A book describing the worrying trend of transgender therapy being offered to young girls was initially removed from the retail giant Target’s shelves last week but then quickly reinstated after enough people subsequently complained.
Related: Amazon bans advertising for book discouraging transgender for girls
The book, Irreversible Damage: The Transgender Craze Seducing Our Daughters by investigative journalist Abigail Shrier, points out the sudden, dramatic spike in young girls suddenly identifying as transgender and it uncovers the aggressive campaign of indoctrination by the LGBTQI movement as the primary cause for this sudden surge in juvenile re-gendering.
What is particularly concerning about this incident involving Target, is that it only took two tweets by LGBTQI sympathizers to have the book removed from sale. That’s right; not two hundred complaints. Just two tweets on November 12th. In an over-sensitive, kneejerk reaction, Target then immediately removed the book from sale, replying to the two complainants:
“Thank you so much for bringing this to our attention. We have removed this book from our assortment.”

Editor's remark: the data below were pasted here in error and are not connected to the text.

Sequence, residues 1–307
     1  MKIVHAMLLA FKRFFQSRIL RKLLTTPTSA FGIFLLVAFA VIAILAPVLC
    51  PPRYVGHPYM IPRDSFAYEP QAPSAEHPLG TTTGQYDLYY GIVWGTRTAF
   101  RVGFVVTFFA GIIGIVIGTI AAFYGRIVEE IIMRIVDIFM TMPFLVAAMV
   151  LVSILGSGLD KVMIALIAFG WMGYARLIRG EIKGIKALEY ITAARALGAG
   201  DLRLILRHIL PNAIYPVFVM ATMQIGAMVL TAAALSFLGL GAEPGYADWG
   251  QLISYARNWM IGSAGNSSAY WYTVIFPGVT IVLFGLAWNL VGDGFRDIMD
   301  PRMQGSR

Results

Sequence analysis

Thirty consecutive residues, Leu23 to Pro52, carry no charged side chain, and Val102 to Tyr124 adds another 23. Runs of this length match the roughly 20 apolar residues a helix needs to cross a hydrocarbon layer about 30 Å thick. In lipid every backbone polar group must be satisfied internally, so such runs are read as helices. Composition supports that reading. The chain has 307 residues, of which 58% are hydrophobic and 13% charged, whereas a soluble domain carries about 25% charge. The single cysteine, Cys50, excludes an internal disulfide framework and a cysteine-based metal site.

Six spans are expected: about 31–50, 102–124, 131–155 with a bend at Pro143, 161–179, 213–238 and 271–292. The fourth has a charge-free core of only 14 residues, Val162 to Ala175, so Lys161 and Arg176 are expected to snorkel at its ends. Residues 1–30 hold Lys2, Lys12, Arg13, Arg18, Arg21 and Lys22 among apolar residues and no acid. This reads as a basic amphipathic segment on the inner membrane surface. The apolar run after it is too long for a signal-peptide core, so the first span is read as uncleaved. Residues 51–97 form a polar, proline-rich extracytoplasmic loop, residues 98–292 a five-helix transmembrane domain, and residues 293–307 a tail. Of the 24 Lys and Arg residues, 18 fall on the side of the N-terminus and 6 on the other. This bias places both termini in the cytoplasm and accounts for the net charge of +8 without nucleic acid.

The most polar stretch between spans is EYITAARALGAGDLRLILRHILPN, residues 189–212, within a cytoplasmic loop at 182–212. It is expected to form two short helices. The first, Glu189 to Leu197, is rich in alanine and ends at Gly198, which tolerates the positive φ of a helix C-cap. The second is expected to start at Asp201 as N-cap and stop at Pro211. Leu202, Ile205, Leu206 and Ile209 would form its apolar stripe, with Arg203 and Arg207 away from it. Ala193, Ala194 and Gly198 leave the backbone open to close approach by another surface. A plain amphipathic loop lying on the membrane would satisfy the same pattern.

The author of the book at the center of this incident, Abigail Shrier, noticed her book’s withdrawal almost immediately, and tweeted:
“Target.com just made my book disappear. Does it bother anyone that Woke activists and spineless corporations now determine what Americans are allowed to read?”
This prompted a wave of online protests by people concerned about Target’s censorship. The next day, November 13th, Target reinstated the book, stating:
“Yesterday, we removed a book from Target.com based on feedback we received. We want to offer a broad assortment for our guests and are adding this book back to Target.com. We apologize for any confusion.”
This incident highlights a couple of things.
Firstly, the LGBTQI lobby obviously has big corporations running scared. Major retailers are now so frightened of offending people that just two tweets from individual Woke activists is enough for them to remove something from their shelves. This is surely an over-reaction to the point of absurdity.
However, on a more positive note, the second thing that this incident reveals is that if enough people speak up in opposition to Woke over-sensitivity, big corporations have to listen. This is because they are ultimately concerned about their bottom line. In the wave of sensible protests that immediately followed this book’s removal, there were calls for people to boycott Target altogether because of their narrow-minded censorship, and this caused an immediate backflip from the retail giant.
So, the take-home lesson is that your voice is powerful. If enough people speak up and threaten to remove their money or support from something, they can make a real impact on public policy, not only in the retail sector, but also in state and federal legislature.
In terms of the book’s content itself, it certainly appears to be worth a read. The author, Abigail Shrier, explains the theme of her book: